Texas A&M AgriLife and Texas A&M College of Agriculture and Life Sciences employees were among those recognized by the Texas SectionSociety for Range Management, TSSRM, at their recent annual meeting.

A man wearing a cowboy hat presents an award plaque to a woman standing to his left. The two individuals stand in front of three tall banners.
Morgan Treadwell, Ph.D., Texas A&M AgriLife Extension Service range specialist and associate professor, San Angelo, (right) received the organization’s Fellow Award recognizing her exceptional service to the field of range management. (Courtesy photo) 

Morgan Treadwell, Ph.D., Texas A&M AgriLife Extension Service range specialist and associate professor in the Department of Rangeland, Wildlife and Fisheries Management, San Angelo, received the TSSRM Fellow Award recognizing exceptional service to the section and its programs in advancing the science and art of range-related resource management.

“The Fellow Award is only given to people who have served TSSRM for a long time and in a number of capacities,” said Bill Fox, Ph.D., president of TSSRM and director of the Texas A&M AgriLife Center for Natural Resource Information Technology. “Dr. Treadwell’s recognition shows how much time and effort she has dedicated to the research, outreach and educational components of rangelands management in the state of Texas.”

Treadwell first became involved with the Utah Section-Society for Range Management, competing in the organization’s High School Youth Forum.

“From there I was just hooked,” she said. “I loved what the society stood for, and the family I have built in the Texas Section is incredible.” 

In addition to authoring or co-authoring more than 23 Extension publications and 15 peer-reviewed publications, Treadwell currently serves as lead developer and website steward for multiple rancher-focused educational websites.

A recognized authority in rangeland-based prescribed fires in Texas, Treadwell serves on the Texas Department of Agriculture’s Prescribed Burn Board, works directly with numerous landowner-led prescribed burn associations, and was integral in the development and implementation of the Texas A&M AgriLife Prescribed Burn School.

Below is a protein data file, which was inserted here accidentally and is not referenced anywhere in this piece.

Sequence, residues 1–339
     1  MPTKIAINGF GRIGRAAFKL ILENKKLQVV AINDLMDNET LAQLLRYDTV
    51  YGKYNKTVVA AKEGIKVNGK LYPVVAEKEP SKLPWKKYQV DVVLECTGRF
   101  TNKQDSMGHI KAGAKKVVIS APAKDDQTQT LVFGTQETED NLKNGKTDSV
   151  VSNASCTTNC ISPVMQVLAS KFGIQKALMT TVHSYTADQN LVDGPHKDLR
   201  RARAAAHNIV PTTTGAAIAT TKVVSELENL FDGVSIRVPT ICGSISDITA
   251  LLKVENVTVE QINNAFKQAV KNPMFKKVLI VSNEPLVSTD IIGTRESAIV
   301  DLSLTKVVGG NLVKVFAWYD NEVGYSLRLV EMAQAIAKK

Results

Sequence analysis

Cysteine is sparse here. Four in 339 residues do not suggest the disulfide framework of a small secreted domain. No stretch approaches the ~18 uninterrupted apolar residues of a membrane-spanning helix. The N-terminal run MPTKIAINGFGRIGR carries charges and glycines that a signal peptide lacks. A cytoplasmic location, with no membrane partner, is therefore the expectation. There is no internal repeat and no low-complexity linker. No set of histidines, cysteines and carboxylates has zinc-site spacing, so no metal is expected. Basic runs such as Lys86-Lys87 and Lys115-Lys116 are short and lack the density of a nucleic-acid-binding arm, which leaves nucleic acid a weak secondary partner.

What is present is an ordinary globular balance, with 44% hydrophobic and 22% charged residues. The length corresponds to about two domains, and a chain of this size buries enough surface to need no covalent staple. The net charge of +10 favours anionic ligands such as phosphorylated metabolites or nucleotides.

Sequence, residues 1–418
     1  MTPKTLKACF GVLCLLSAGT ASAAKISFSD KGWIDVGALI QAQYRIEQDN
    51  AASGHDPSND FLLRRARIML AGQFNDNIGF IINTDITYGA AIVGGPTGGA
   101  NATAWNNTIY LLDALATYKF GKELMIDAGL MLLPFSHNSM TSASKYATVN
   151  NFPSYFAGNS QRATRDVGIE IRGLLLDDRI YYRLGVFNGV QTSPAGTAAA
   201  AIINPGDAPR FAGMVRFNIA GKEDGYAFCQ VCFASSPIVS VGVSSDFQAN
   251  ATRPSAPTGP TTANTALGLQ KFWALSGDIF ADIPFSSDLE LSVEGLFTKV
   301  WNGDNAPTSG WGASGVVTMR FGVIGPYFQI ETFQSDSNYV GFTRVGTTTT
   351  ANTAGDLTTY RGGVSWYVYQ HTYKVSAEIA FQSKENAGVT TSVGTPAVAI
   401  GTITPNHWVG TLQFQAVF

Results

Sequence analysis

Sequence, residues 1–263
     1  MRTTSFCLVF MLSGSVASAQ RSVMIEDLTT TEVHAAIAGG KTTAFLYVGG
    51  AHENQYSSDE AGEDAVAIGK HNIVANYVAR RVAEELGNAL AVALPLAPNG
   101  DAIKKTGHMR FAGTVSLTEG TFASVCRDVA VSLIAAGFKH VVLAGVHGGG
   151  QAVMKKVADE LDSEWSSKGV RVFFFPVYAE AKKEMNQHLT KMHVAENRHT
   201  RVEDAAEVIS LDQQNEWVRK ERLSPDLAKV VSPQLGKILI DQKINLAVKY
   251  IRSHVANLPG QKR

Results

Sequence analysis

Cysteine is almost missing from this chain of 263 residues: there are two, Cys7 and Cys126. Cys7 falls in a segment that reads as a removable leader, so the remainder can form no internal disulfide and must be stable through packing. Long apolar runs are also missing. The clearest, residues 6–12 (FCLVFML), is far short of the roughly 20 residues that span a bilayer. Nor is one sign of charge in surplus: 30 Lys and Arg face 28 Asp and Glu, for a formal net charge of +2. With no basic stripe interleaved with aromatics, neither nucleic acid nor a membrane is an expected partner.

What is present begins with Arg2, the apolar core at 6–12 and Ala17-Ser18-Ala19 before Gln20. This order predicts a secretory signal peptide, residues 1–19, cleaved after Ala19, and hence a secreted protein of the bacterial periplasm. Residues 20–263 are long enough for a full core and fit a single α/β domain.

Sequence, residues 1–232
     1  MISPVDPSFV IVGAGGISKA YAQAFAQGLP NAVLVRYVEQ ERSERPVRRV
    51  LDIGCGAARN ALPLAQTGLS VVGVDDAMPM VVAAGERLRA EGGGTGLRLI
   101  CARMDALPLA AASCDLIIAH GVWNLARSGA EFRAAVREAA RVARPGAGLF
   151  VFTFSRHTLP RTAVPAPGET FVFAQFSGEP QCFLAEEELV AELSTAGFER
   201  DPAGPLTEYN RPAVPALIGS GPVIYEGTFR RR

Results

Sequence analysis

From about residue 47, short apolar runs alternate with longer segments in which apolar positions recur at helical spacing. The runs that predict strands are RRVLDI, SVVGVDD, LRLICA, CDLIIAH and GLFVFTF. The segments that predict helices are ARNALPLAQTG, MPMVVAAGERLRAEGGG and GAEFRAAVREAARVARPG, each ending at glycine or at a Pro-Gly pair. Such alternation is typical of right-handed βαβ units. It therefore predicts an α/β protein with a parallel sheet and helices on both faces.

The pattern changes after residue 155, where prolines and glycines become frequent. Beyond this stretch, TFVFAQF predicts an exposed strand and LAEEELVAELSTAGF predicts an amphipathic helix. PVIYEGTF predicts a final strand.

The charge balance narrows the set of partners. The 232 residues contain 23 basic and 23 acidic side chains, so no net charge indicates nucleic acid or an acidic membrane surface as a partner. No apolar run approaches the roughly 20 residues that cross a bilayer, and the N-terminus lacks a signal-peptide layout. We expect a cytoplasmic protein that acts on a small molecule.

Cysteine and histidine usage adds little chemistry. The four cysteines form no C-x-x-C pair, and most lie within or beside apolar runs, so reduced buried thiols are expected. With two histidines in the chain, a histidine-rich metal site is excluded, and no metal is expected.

Incoming Leadership

New leadership was also elected for TSSRM and the international level of the Society for Range Management, SRM.

Jeff Goodwin, Ph.D., director of the Texas A&M AgriLife Center for Grazinglands and Ranch Management, was appointed second vice president for the SRM.

Doug Tolleson, Ph.D., Texas A&M AgriLife Research range scientist in the Department of Rangeland, Wildlife and Fisheries Management, Sonora, is the incoming president of the TSSRM, and James Jackson, Alligare range and pasture specialist, Stephenville, is the incoming second vice president.

Appointed to the TSSRM board of directors for 2022-2025 are Nick Garza, AgriLife Research associate, Sonora, and Matt Machacek, U.S. Department of Agriculture Natural Resources Conservation Service, NRCS.

Publication Awards

In the technical publication category, honors for the publication “Saving Imperiled Grassland Biomes by Recoupling Fire and Grazing: A Case Study from the Great Plains” were shared by Bradford Wilcox, Ph.D, AgriLife Research ecohydrologist and Sid Kyle Endowed Professor in the Texas A&M Department of Ecology and Conservation Biology; Samuel Fuhlendorf, Ph.D., Regents Professor and Groendyke Chair in wildlife conservation, Oklahoma State University; John Walker, Ph.D., AgriLife Research range specialist, San Angelo; Dirac Twidwell, Ph.D., associate professor, University of Nebraska, Lincoln; Ben Wu, Ph.D., professor, Department of Ecology and Conservation Biology; Laura Goodman, Ph.D., associate professor, Oklahoma State University, Stillwater; Andrew Birt, Ph.D., Texas A&M Transportation Institute associate research scientist; and Treadwell.

Honors for popular publication went to Treadwell; Rebecca Burson, AgriLife Extension range assistant, San Angelo; and Roger Landers Jr., Ph.D., retired AgriLife Extension range specialist, San Angelo, for “Popular Perennial Grasses of the Edwards Plateau.”

Megan Clayton, Ph.D., AgriLife Extension range specialist and professor in the Department of Rangeland, Wildlife and Fisheries Management, Uvalde; Suzanne Walsh, transportation liaison, Texas Parks and Wildlife Department; Larry Redmon, Ph.D., professor and associate head for AgriLife Extension in the Texas A&M Department of Soil and Crop Sciences; and Robert Shaw, Ph.D., retired Texas A&M professor, shared the special publication award for “Bluestem Grasses in Texas: A Field Guide to Native and Introduced Species.” 

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